Business has had to cope with the challenge of social media for years. In the past, I've discussed how the rewards of using instant messaging and blogging at work are offset by several pitfalls, and I've laid out the challenges that IT and business managers face in dealing with these technologies.
Stories by Michael Gartenberg
Didn't send anyone to CES? You probably should have. As I wrote last April, the Consumer Electronics Show may have "consumer" in its name, but it is more and more a place for IT to keep up to date with what will be happening in their companies soon. That's because users are increasingly having their say when it comes to the technologies they use.
Not that long ago, many CIOs, and perhaps their direct reports, made the annual trek to trade shows like Comdex. Comdex was an important event, aimed at technologists who wanted to learn about what was coming so they could make informed strategic implementation decisions.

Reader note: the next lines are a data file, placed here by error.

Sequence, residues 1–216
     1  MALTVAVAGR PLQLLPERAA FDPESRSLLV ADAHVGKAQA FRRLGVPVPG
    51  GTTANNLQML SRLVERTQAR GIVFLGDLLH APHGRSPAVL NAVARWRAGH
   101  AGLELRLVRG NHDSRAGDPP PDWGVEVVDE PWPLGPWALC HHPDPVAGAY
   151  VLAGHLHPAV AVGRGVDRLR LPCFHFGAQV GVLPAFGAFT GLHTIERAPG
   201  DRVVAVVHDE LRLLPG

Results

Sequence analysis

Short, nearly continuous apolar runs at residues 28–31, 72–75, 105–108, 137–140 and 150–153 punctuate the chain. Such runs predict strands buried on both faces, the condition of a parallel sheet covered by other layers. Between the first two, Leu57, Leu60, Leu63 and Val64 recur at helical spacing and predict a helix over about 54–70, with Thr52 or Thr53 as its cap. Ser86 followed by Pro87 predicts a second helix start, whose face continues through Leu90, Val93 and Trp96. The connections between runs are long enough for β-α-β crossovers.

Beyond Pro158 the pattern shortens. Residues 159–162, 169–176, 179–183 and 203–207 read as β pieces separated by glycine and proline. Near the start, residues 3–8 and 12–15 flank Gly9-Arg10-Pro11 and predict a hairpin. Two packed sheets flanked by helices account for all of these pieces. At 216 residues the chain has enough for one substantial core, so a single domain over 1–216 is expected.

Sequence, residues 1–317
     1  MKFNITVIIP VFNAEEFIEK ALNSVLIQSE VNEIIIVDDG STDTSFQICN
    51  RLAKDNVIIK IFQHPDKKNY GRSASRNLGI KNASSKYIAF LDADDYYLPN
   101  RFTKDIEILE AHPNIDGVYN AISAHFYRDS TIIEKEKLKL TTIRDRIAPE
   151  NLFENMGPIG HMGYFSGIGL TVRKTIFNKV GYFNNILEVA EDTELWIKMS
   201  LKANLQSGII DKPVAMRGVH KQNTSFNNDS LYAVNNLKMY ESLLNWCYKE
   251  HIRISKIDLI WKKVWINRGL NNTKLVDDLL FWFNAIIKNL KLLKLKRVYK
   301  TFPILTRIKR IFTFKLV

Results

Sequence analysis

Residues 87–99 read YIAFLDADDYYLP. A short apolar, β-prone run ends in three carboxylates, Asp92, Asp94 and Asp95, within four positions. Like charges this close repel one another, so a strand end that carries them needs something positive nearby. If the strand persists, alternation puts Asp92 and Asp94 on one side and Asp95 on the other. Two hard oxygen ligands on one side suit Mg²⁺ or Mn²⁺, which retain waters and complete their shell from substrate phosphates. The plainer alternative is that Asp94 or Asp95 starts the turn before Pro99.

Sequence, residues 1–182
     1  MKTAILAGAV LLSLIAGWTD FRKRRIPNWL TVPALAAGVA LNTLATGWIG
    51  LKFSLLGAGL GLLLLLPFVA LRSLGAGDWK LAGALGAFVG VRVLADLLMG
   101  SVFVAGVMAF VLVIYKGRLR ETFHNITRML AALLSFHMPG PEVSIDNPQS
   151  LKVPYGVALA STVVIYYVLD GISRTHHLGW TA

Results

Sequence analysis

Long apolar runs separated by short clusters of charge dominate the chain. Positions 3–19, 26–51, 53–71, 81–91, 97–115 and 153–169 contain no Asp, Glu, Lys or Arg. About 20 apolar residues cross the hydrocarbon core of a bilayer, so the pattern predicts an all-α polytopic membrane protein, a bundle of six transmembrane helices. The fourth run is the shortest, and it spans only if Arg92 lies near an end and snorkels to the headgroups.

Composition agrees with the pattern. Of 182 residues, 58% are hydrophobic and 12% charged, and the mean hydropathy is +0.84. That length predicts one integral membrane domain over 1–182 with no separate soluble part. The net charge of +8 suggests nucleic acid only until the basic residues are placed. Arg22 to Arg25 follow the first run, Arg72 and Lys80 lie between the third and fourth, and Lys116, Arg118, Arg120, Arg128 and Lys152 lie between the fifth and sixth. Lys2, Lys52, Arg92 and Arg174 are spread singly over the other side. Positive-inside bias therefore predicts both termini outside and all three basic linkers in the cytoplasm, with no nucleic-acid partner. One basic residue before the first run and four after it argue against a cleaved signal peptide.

I would love to see viable alternatives to the current mainstream operating systems. The PC market stands ready to be revolutionised by something new. But is Linux the agent of change that can do all of that? Not yet, I am afraid.
Is your IT organisation ready for Windows 7? You should at least know what Windows 7 has to offer and where it comes up short. You might be planning to do this on your own schedule, but you will find that you pretty much have to do some of your preparation on Microsoft's schedule.
Back in the mid 1990s, my research focused on desktop operating systems. There was a plethora of options for IT organisations with Mac OS, Windows in the guise of NT and 95, and OS/2 Warp all vying for attention. Even Unix workstation vendors had thoughts of moving beyond scientific and engineering applications to mainstream knowledge worker desktops.
Computing has changed quite a bit in the last few decades. At the same time, the business world’s reliance on technology has reached a level that was once unimaginable.